Chapter 6. Scaling Clusters

6.1. Scaling Kafka clusters

6.1.1. Adding brokers to a cluster

The primary way of increasing throughput for a topic is to increase the number of partitions for that topic. That works because the partitions allow the load for that topic to be shared between the brokers in the cluster. When the brokers are all constrained by some resource (typically I/O), then using more partitions will not yield an increase in throughput. Instead, you must add brokers to the cluster.

When you add an extra broker to the cluster, AMQ Streams does not assign any partitions to it automatically. You have to decide which partitions to move from the existing brokers to the new broker.

Once the partitions have been redistributed between all brokers, each broker should have a lower resource utilization.

6.1.2. Removing brokers from the cluster

Before you remove a broker from a cluster, you must ensure that it is not assigned to any partitions. You should decide which remaining brokers will be responsible for each of the partitions on the broker being decommissioned. Once the broker has no assigned partitions, you can stop it.

6.2. Reassignment of partitions

The kafka-reassign-partitions.sh utility is used to reassign partitions to different brokers.

It has three different modes:

--generate
Takes a set of topics and brokers and generates a reassignment JSON file which will result in the partitions of those topics being assigned to those brokers. It is an easy way to generate a reassignment JSON file, but it operates on whole topics, so its use is not always appropriate.
--execute
Takes a reassignment JSON file and applies it to the partitions and brokers in the cluster. Brokers which are gaining partitions will become followers of the partition leader. For a given partition, once the new broker has caught up and joined the ISR the old broker will stop being a follower and will delete its replica.
--verify
Using the same reassignment JSON file as the --execute step, --verify checks whether all of the partitions in the file have been moved to their intended brokers. If the reassignment is complete it will also remove any throttles which are in effect. Unless removed, throttles will continue to affect the cluster even after the reassignment has finished.

It is only possible to have one reassignment running in the cluster at any given time, and it is not possible to cancel a running reassignment. If you need to cancel a reassignment you have to wait for it to complete and then perform another reassignment to revert the effects of the first one. The kafka-reassign-partitions.sh will print the reassignment JSON for this reversion as part of its output. Very large reassignments should be broken down into a number of smaller reassignments in case there is a need to stop in-progress reassignment.

6.2.1. Reassignment JSON file

The reassignment JSON file has a specific structure:

{
  "version": 1,
  "partitions": [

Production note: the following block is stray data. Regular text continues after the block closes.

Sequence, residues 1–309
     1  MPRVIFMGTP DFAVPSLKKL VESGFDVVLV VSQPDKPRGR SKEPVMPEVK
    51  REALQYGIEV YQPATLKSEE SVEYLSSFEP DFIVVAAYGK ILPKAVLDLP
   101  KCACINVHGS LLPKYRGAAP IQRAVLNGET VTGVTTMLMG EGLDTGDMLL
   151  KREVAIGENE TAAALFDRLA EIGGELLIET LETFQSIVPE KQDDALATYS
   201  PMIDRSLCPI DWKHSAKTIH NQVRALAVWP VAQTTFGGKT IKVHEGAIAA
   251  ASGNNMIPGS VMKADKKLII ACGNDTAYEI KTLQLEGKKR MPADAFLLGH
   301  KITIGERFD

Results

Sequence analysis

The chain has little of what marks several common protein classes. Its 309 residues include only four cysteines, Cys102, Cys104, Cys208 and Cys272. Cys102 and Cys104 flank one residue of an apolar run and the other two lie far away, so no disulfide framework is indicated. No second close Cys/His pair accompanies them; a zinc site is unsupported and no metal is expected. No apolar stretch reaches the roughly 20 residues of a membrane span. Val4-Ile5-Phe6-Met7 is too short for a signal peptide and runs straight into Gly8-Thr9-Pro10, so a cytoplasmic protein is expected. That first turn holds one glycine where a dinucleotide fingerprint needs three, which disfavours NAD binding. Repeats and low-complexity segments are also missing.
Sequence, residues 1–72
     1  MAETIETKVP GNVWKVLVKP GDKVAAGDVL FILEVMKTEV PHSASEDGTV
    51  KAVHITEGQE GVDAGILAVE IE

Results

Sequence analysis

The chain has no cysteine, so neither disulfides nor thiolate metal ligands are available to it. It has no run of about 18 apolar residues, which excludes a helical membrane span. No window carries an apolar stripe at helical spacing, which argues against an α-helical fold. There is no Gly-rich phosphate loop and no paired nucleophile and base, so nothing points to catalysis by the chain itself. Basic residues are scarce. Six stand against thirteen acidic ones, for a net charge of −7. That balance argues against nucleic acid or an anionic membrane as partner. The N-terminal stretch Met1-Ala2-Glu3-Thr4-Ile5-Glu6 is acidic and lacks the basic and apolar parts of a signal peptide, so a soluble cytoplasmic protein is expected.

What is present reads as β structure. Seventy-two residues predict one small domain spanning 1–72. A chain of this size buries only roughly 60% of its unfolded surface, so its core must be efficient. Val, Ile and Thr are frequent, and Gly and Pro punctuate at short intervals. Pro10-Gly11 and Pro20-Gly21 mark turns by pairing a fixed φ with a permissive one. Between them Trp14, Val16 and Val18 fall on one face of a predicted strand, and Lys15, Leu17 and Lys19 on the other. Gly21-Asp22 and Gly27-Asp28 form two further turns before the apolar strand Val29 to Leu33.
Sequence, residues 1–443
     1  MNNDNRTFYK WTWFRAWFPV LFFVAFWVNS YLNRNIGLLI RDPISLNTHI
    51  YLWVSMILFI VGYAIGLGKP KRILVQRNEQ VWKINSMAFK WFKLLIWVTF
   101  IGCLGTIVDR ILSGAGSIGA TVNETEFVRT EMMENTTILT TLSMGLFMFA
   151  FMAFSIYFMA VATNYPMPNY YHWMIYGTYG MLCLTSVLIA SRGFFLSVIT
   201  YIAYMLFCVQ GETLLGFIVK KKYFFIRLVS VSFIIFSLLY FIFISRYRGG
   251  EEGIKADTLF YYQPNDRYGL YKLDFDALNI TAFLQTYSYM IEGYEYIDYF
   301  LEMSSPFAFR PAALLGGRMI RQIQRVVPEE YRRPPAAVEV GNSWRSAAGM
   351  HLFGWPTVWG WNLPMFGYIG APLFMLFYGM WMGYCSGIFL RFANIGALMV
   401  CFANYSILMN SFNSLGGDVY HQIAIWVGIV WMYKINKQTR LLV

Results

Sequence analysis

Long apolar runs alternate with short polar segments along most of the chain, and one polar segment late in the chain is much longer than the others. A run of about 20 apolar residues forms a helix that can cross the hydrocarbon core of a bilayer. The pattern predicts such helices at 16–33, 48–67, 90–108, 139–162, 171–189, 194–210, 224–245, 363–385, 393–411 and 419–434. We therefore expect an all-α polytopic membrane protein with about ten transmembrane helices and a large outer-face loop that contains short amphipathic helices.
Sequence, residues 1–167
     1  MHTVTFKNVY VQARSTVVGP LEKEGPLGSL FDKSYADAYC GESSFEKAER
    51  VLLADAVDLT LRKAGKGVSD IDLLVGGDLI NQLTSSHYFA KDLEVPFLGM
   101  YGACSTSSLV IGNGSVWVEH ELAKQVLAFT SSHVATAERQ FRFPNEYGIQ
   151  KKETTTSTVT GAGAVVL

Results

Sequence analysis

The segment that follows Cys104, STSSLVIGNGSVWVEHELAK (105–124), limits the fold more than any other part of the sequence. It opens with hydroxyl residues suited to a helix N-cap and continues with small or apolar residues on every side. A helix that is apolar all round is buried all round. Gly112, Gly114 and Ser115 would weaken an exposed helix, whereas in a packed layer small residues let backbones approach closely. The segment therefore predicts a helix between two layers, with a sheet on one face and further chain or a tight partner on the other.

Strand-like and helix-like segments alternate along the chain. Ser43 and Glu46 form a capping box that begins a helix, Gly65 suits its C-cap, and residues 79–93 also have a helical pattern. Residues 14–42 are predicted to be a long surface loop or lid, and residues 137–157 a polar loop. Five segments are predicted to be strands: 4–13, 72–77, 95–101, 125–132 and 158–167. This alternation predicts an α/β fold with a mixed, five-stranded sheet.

<PartitionObjects>
  ]
}

Where <PartitionObjects> is a comma-separated list of objects like:

{
  "topic": <TopicName>,
  "partition": <Partition>,
  "replicas": [ <AssignedBrokerIds> ],
  "log_dirs": [<LogDirs>]
}

The "log_dirs" property is optional and is used to move the partition to a specific log directory.

The following is an example reassignment JSON file that assigns topic topic-a, partition 4 to brokers 2, 4 and 7, and topic topic-b partition 2 to brokers 1, 5 and 7:

{
  "version": 1,
  "partitions": [
    {
      "topic": "topic-a",
      "partition": 4,
      "replicas": [2,4,7]
    },
    {
      "topic": "topic-b",
      "partition": 2,
      "replicas": [1,5,7]
    }
  ]
}

Partitions not included in the JSON are not changed.

6.2.2. Generating reassignment JSON files

The easiest way to assign all the partitions for a given set of topics to a given set of brokers is to generate a reassignment JSON file using the kafka-reassign-partitions.sh --generate, command.

bin/kafka-reassign-partitions.sh --zookeeper <Zookeeper> --topics-to-move-json-file <TopicsFile> --broker-list <BrokerList> --generate

The <TopicsFile> is a JSON file which lists the topics to move. It has the following structure:

{
  "version": 1,
  "topics": [
    <TopicObjects>
  ]
}

where <TopicObjects> is a comma-separated list of objects like:

{
  "topic": <TopicName>
}

For example to move all the partitions of topic-a and topic-b to brokers 4 and 7

bin/kafka-reassign-partitions.sh --zookeeper localhost:2181 --topics-to-move-json-file topics-to-be-moved.json --broker-list 4,7 --generate

where topics-to-be-moved.json has contents:

{
  "version": 1,
  "topics": [
    { "topic": "topic-a"},
    { "topic": "topic-b"}
  ]
}

6.2.3. Creating reassignment JSON files manually

You can manually create the reassignment JSON file if you want to move specific partitions.

6.3. Reassignment throttles

Reassigning partitions can be a slow process because it can require moving lots of data between brokers. To avoid this having a detrimental impact on clients it is possible to throttle the reassignment. Using a throttle can mean the reassignment takes longer. If the throttle is too low then the newly assigned brokers will not be able to keep up with records being published and the reassignment will never complete. If the throttle is too high then clients will be impacted. For example, for producers, this could manifest as higher than normal latency waiting for acknowledgement. For consumers, this could manifest as a drop in throughput caused by higher latency between polls.

6.4. Scaling up a Kafka cluster

This procedure describes how to increase the number of brokers in a Kafka cluster.

Prerequisites

  • An existing Kafka cluster.
  • A new machine with the AMQ broker installed.
  • A reassignment JSON file of how partitions should be reassigned to brokers in the enlarged cluster.